He soon demonstrated his interest in the field of contemporary music. He worked in close contact with some of the major musicians of the era; they learnt from his increasingly daring explorations of harp technique, and he tirelessly promoted their music. Before World War I, Salzedo returned to Europe where he founded a trio with flutist Georges Barrère and cellist Paul Kéfer, with whom he toured extensively. The beginning of the war found him on French soil, so that he was drafted in the Army. During his service, he was able to create a musical society, with which he supported and enlivened the morale of his fellow combatants. However, he fell ill with pneumonia and after a slow recovery was authorized to return to the state of civilian.
Back in America, he took US citizenship and began an intense teaching activity, both at the Juilliard School and at the Curtis Institute. Along with these official appointments, he taught extensively on a semiprivate basis – meaning that many of his institutional students used to spend some time in his summer residence with him, in order to continue their studies under his guidance and within a more relaxed setting.
Throughout his activity, Salzedo developed many new techniques. He explored the full range of the harp’s possibilities: on the one hand, he responded to the need for new sounds which came from many contemporaneous composers; on the other, he stimulated their creativity through his innovative findings. These new techniques needed new symbols for notation, and these he also developed; he wrote methods which were used by both harpists and composers, and it is remarkable that some of the greatest musicians of the era admittedly took their cues from his musical ideas.
Salzedo’s technique did not aim only at the achievement of an extraordinary virtuosity, even though this is what he realized and transmitted to his students; he wished for the whole activity of sound production on the harp to become a “work of art” in its own right. For this purpose, he enlisted the help of legendary dancer and choreographer Vaslav Nijinski, with whom he developed a system of gestures which helped not only the production, but also the enjoyment and fruition of the sound, and consequently of music.
The works recorded here demonstrate the full palette of his musicianship, his inventiveness as a composer and the extraordinary techniques he developed. The Trois morceaux pour harpe seule were published by a 26-y.o. musician; they evoke the world of fin-de-siècle French music, with a touch of Impressionism and with a refined use of musical imagery. The narrative and poetic quality of the Ballade, the dazzling fascination of Jeux d’eau and the Neo-Classicist imprint of the Variations all concur in establishing his creativity and musicianship.
Scintillation, written in 1936, is another of his best-known compositions. It resumes dance schemes, but weaves them into a fascinating combination of expressivity and fantasy.
Other dance rhythms inform the scoring of his Suite of Eight Dances: here, the encounter between tradition and modernity is particularly evident. The first four dances are more Classicist in style, and the third (Polka) revives a theme Salzedo wrote in one of his very first compositions, composed at age five, and by the title of Moustique (Mosquito). The four last dances are more modern in style and reminiscent of the new rhythms and styles of Iberian and Latin-American music. One can discern the influence of musicians such as Poulenc or Milhaud in the two souls of the suite, the Neo-Classicist and the modernist, the irony and the vitalism.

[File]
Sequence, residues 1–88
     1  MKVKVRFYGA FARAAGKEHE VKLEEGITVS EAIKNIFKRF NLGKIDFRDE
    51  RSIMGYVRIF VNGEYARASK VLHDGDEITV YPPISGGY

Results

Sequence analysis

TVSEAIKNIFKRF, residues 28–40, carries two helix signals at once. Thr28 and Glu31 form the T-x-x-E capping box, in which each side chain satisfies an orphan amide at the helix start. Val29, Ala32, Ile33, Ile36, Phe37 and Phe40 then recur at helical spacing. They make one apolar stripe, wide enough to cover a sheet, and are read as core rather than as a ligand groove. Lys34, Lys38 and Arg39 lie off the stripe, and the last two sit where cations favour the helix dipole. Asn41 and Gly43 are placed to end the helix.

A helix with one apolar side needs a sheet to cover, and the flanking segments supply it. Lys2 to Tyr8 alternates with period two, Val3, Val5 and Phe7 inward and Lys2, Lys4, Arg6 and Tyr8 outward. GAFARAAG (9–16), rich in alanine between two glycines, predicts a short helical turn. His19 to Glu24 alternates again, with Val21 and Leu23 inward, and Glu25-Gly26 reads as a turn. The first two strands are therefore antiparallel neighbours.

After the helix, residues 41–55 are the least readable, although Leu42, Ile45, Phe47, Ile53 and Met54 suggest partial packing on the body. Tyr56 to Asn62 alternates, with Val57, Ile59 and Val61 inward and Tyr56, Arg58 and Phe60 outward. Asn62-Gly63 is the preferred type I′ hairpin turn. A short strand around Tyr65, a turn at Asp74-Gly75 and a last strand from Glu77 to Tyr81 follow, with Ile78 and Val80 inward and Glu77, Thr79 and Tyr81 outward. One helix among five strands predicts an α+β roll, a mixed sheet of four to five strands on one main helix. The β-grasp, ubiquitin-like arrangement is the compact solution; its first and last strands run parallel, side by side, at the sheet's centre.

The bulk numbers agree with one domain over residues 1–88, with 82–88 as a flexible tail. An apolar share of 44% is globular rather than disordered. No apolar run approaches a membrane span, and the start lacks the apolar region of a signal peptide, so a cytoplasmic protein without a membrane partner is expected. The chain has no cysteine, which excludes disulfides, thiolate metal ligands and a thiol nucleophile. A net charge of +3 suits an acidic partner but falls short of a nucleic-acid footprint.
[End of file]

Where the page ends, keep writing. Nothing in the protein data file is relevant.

Together, these works demonstrate the genius of Salzedo both as a composer and as a harpist; a genius for new sounds, a genius for combining them, a genius for finding new ways of producing them. A genius who opened up new ways for all those who consider the role of the harp in twentieth-century music.
Chiara Bertoglio © 2021


Alessandra Ziveri was born in Parma and graduated at the G. Nicolini Conservatoire of Music in Piacenza under the guidance of Prof. Annamaria Restani. In the same year she obtained the Certificate of Merit as best harpist and the Certificate of Merit as best student of the course of History of Music. She got the Second Level Degree in Harp and Chamber Music with honors at the Conservatoire of Parma. She participated in numerous National and International Music Interpretation Competitions always reporting excellent results and First Prizes. She is an harp professor at the Attilio Bertolucci Liceo Musicale in Parma and in several Schools of Music in Parma and Reggio Emilia.
She recorded the CD "Musica per arpa" dedicated to the original compositions of Alfredo Casella and Luigi Perrachio (Ed. Tactus, Bologna, 2016), the CD "Parafrasi Verdiane" (Ed. Tactus, Bologna, 2013 ) with the duo of harps called Alchimia Duo, and the CD "Grovigli" with music composed by F.Petrini, M.Tournier, G.Gershwin, B.Andres and other authors always in duo of harps. In 2007 she recorded the CD entitled "Between Skies of Ireland and Clouds of Scotland" entirely focused on the Celtic, Irish and Scottish repertoire in duo harp and flute.
She took part in the juries of the "Fifth International Harp Competition" held in Saluzzo, at the ninth edition of the "E Lucevan le Stelle" competition organized by Parma Lirica and at the "National Music Competition Città di Guastalla".
Her activity focuses on solo harp concerts with both classical and Celtic harp and in various chamber and orchestra ensembles. She recently performed concerts focusing on original Italian music for the early twentieth century harp including: the 'Suono Italiano' organized by CIDIM at the 'Italian Institute of Culture in Istanbul, the Museum of the Twentieth Century (Milan), Museum Vincenzo Vela (Switzerland) Auditorum Vivaldi (Turin), Villa Tesoriera (Turin).


Salzédo [Salzedo; Salcedo], Carlos (Léon)
(b Arcachon, 6 April 1885; d Waterville, ME, 17 Aug 1961). American harpist and composer of French birth. He graduated from the Paris Conservatoire at the age of 16, an unprecedented winner of the premier prix in two instruments. In 1909 he moved to New York, where he was engaged as the first harpist of the Metropolitan Opera orchestra under Toscanini for four years. In 1913 he founded the Trio de Lutèce and in 1917 the Salzédo Harp Ensemble; he also played in and helped to found and promote other ensembles worldwide. A champion of contemporary music, he assisted Varèse in organizing the International Composers’ Guild (1921) and was active in ISCM, the New Music Society of California (under the direction of Cowell), the Pan American Association of Composers and Pro-Musica. He established the harp department at the Curtis Institute of Music (1924), founded the Salzédo Harp Colony in Camden, Maine (1931), and taught at the Juilliard School. Other activities included serving as editor of the Eolian Review (later Eolus) and president of the American Harp Society. In 1931 Lyon & Healy (Chicago) began to produce the first Salzédo Model Harps.